Former PhD Student (firstname.lastname@example.org)
Ph.D. candidate, Biomedical Engineering, FIU, expected 2013
Doctor of Physical Therapy (post-professional DPT), NSU, 2010
M.S. in Physical Therapy, FIU, 2002
B.S. in Biomedical Engineering, FIU, 2007.
B.S. in Health Sciences, Physical Therapy Track, FIU, 2001.
Diploma in Physical Therapy, University of Oviedo (Spain), 1997.
Current affiliation Nova Southeastern University
As Graduate Research Assistant
Funded by NIH/NIGMS MBRS-RISE 2007-present (NIH/NIGMS R25 GM06134)
Ph.D. Dissertation topic: Cardiotoxicity assessment of new chemotherapy approaches and development of a fluorescent indicator dilution method to study cardiac capillary permeability. The overall aim of this project is to develop and test new chemotherapeutic agents that cause fewer side effects than currently available treatments. Specifically, we are interested in reducing thecardiotoxicity of chemotherapy drugs because heart dysfunction after chemotherapy is one of the most disabling and life-threatening long term side effect in cancer patients. As part of my dissertation, I am responsible for in vivo tumor models and testing of chemotherapy drugs. I have worked on the development of a fluorescent indicator dilution method that can be used in testing drug cardiotoxicity in an isolated heart setup. This new method can be included in drug testing protocols along with common indicators of impaired heart function, such as changes in contractility measured using the isolated heart setup, or structural and functional changes measured through serial echocardiography. In a tumor-bearing rat model created by inoculation of rat breast adenocarcinoma cells (MATBIII cell line), animals treated with traditional chemotherapy show a significant increase in cardiac capillary permeability surface area product (PSP) compared with control animals as measured by our fluorescent method in the isolated rat heart setup. The changes we observed are consistent with impairments in left ventricular function detected using other measurement techniques in the same animals, such as measurements of pressures inside the left ventricle and serial echocardiography. Therefore, our indicator dilution method can complement classical methods of cardiotoxicity testing in animal models, and can be used as an additional source of information regarding cardiac tissue dysfunction after chemotherapy. We are currently working on the development and in vitro testing of a modified chemotherapy drug that targets the cell nucleus and/or cancer cells specifically. The expectation is that the new drug will be less cardiotoxic and will cause a lesser increase in capillary permeability along with smaller impairments in left ventricular function , while showing at least comparable effectiveness to traditional chemotherapy in killing cancer cells.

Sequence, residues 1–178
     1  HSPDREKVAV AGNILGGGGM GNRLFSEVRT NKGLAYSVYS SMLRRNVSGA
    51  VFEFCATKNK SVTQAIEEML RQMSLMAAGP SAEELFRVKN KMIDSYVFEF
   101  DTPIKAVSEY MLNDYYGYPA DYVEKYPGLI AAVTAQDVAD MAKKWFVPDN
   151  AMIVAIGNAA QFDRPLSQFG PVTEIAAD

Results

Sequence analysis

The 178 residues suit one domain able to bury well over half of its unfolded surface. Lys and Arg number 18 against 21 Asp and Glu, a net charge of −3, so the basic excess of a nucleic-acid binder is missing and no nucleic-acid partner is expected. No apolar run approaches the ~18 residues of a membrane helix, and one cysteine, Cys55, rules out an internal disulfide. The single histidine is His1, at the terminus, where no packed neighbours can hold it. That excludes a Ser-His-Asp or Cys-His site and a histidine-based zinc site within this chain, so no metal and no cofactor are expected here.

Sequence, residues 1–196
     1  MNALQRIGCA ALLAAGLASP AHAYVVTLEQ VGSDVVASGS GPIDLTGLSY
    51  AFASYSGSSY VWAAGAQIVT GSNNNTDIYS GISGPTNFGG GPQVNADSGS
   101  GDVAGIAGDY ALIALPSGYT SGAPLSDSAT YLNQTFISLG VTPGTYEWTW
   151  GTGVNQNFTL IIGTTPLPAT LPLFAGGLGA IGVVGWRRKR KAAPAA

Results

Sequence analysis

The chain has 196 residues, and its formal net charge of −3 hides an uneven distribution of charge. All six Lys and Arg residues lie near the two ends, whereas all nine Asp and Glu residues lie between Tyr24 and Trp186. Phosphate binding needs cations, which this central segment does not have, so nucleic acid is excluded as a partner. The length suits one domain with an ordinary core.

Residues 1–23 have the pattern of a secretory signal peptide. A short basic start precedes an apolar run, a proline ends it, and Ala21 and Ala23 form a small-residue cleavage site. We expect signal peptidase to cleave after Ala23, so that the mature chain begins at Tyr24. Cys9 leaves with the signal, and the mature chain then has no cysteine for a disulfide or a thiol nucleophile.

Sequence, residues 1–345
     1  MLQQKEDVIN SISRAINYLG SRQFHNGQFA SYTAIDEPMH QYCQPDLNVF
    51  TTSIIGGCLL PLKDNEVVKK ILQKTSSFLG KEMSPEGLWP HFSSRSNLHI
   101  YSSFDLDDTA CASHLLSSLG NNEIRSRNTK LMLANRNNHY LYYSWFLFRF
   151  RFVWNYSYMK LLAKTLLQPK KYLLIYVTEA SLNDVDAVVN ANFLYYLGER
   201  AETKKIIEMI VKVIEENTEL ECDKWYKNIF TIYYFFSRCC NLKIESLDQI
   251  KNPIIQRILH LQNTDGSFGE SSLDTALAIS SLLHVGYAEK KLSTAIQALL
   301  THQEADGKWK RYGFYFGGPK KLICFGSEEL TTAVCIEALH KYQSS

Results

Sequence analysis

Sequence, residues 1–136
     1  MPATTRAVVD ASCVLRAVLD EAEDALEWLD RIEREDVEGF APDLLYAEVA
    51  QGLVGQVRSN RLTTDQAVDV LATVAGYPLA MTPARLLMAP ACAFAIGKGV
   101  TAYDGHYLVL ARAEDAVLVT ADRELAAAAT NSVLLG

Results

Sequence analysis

Cancer Therapy Combining the Modalities of Hyperthermia and Chemotherapy; Novel Fluorescent Multiple Indicator Method to Study Changes in Cardiac Capillary Permeability with Chemotherapy; Design and Synthesis of Anthracycline Conjugates with Reduced Cardiotoxicity; Fluorescent Imaging and Biodistribution of ICG and IR820; Nanoconjugates for Combined Cancer Imaging and Therapy.
Developed and validated new protocol for fluorescent indicator dilution measurements in isolated heart setups. Developed fluorescence measurement protocols for samples containing fluorescent molecules entrapped in nanoparticle systems. Participated in development of in vivo protocol for biodistribution studies of fluorescent dyes in rats, assisted with injection procedures, and assisted in optical system design for in vivo imaging. Experience with cell culture methods (including cancer cell culture, cytotoxicity assays, and fluorescent imaging of cells) as well as inoculation of cancer cells for tumor induction in rats (AT3B-1, NMU, and MATB III cell lines). Experience with characterization of fluorescent nanoconjugates.
Awards and Honors
•2nd Place Best Doctoral Presentation for “Application of a fluorescent multiple indicator method to study changes in cardiac permeability with chemotherapy”. 25th Southern Biomedical Engineering Conference, Miami, FL, May 15-17, 2009.
•Graduated Summa Cum Laude, B.S. in Biomedical Engineering, 2007
•Outstanding Graduate in Biomedical Engineering. Fall 2006.
•Outstanding General Chemistry Student at the University Park Campus, FIU. American Chemical Society, South Florida Section. April 2003.
•Graduated Summa Cum Laude, B.S. in Health Sciences, 2001.
•Outstanding Student Scholar Award in Physical Therapy 2000-2001. College of Health & Urban Affairs, FIU, April 2001.
•“Luis Garcia Pelaez” Graduation Award: Outstanding Graduate, Physical Therapy Class of 1997. University of Oviedo, Spain, July 1997.
•Honor societies: Alpha Eta Mu Beta(Student Advisor 2010-2011, President 2009-2010, Vice President 2007-2009), Tau Beta Pi (Graduate Student Representative 2008-2010), Phi Kappa Phi, Golden Key.